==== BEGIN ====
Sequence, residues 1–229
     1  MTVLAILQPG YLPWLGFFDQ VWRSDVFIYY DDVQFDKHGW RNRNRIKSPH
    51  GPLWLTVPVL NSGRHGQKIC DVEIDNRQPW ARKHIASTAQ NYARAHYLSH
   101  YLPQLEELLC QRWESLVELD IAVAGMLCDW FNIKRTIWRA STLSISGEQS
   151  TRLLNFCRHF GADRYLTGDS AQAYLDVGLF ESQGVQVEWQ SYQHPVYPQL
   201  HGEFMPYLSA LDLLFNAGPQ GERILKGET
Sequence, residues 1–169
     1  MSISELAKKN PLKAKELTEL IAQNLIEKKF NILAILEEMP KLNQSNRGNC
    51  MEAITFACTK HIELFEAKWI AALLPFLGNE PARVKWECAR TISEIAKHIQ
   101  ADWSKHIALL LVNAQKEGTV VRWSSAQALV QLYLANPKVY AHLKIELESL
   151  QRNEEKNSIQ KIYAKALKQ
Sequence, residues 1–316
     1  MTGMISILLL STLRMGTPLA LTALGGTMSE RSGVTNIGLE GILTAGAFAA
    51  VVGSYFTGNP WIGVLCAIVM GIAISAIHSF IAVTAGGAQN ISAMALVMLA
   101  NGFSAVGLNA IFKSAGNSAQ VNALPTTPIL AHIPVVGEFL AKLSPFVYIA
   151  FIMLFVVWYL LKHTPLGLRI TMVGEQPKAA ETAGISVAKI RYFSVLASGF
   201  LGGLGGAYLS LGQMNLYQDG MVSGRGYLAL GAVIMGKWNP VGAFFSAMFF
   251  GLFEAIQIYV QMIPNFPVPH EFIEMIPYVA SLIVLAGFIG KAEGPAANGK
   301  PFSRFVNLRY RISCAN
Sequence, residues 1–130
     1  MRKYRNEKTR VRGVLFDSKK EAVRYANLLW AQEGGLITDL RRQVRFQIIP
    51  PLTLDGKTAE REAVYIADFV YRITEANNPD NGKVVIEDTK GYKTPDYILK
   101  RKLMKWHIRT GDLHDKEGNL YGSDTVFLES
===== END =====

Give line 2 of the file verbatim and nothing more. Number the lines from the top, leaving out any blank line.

     1  MTVLAILQPG YLPWLGFFDQ VWRSDVFIYY DDVQFDKHGW RNRNRIKSPH